Yeast viability testing and cell counts are useful when there is concern that dead yeast has caused a stalled fermentation or off flavors and when posting up your own yeast prior to pitching. Figure 8 shows yeast cells stained with Methylene Blue which turns dead cells blue while leaving living cells colorless. Sometimes undesirable microorganisms end up growing in wort or beer. While it is rare for the types of bacteria or wild yeasts that can survive in beer to be cause health concerns, they can certainly cause undesirable off flavors. Lactic acid bacteria added to kettle-soured beers can also sometimes survive pasteurization steps and have a negative impact on the final product. In all these cases it is desirable to test for contaminating microorganisms. Several media have been developed and are commonly used to differentiate and identify wild yeasts and common beer spoilage bacteria such as Lactobacillus and Pediococcus,but most of the time it is simply enough to know if contamination exists. Proxima has developed a proprietary media with this in mind that rapidly detects a broad range of yeasts and bacteria in brewery samples, allowing our clients to inexpensively monitor for microbial contamination. When contamination is detected, Proxima can deploy the usual repertoire of media such as HLP, UBA, WLD, LMDA, and Lysine Agar upon request for further identification of the contaminating organisms. Figure 9 shows colonies of Lactobacillus from a contaminated beer sample plated on our proprietary medium.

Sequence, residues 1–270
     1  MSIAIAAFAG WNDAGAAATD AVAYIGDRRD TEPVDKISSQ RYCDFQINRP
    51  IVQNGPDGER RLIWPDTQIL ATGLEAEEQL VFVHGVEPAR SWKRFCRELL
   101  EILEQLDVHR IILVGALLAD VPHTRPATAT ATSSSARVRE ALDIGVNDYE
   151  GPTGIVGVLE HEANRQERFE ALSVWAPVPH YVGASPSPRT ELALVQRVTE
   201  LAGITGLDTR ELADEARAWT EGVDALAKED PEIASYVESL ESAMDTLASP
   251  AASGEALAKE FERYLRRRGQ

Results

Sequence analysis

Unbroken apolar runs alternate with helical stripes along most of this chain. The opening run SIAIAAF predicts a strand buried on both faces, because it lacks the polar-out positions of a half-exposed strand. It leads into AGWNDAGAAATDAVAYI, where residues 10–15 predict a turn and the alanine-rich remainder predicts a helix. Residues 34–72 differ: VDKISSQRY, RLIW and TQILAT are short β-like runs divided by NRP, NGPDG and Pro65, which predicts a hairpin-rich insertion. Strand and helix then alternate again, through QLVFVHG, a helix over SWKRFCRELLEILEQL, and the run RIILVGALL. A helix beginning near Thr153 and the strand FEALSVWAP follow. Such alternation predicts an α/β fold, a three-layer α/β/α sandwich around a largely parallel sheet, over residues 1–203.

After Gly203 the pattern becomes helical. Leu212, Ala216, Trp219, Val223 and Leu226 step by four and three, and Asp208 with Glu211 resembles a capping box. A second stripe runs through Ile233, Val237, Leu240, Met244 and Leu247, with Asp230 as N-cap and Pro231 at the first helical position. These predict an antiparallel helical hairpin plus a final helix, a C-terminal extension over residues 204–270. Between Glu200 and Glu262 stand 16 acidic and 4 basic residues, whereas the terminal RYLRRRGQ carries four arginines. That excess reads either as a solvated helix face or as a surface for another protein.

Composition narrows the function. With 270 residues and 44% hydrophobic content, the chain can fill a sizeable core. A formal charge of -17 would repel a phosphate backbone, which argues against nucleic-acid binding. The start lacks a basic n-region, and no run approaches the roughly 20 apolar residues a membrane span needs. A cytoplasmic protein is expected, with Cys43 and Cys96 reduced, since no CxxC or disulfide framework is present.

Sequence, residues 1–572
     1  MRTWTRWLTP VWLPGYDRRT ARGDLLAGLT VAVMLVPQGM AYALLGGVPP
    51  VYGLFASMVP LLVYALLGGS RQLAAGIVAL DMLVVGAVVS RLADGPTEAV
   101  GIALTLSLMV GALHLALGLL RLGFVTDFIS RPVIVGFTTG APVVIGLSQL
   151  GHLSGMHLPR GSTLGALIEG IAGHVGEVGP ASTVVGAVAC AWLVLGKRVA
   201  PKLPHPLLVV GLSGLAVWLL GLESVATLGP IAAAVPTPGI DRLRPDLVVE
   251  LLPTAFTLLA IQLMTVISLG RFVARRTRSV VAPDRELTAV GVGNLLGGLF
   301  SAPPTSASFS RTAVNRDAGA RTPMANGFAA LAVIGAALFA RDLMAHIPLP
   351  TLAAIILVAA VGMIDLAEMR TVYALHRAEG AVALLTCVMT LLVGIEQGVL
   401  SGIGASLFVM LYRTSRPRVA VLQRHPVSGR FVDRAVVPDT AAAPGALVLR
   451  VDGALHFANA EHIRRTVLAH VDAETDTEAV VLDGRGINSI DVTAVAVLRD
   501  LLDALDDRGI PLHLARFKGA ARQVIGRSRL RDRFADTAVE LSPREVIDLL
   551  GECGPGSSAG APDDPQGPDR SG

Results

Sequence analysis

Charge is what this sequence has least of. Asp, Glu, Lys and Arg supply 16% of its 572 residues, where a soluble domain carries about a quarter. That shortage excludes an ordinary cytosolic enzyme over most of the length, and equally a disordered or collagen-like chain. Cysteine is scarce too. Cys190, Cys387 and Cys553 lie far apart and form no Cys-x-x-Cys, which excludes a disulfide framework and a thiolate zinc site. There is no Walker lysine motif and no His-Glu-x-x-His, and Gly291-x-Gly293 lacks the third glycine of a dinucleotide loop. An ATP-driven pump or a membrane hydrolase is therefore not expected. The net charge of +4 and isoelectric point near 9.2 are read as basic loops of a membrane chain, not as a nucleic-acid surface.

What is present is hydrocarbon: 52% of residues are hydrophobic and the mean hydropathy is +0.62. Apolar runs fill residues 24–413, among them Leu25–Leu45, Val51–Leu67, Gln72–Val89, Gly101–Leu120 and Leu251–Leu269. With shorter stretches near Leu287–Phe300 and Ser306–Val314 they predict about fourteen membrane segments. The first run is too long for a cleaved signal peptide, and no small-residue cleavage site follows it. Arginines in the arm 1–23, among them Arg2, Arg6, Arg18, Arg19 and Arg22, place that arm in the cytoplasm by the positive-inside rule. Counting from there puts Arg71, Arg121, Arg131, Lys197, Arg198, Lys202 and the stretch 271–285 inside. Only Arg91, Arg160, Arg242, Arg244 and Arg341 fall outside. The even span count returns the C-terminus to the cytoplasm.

Add Expert Microscopy to Your Brewery
In this post we’ve shown the many ways in which microscopy and microbial analysis can benefit brewery operations. While virtually every brew master would agree that more information about your mashing, fermentation, and finished beer is beneficial, we understand that margins in the brewing industry are razor-thin, making set-up of an in-house lab to perform these tests cost prohibitive. That’s why Proxima has developed our line of affordable rapid turnaround brewing industry services, including microscopic and microbiological analysis, that put top-quality data and information in the hands of even the smallest brewers. Check out our brewery services page for a full list of services we offer and reach out to us for a free consult to explore how we can support your brewing goals. We look forward to supporting you as you make great beer!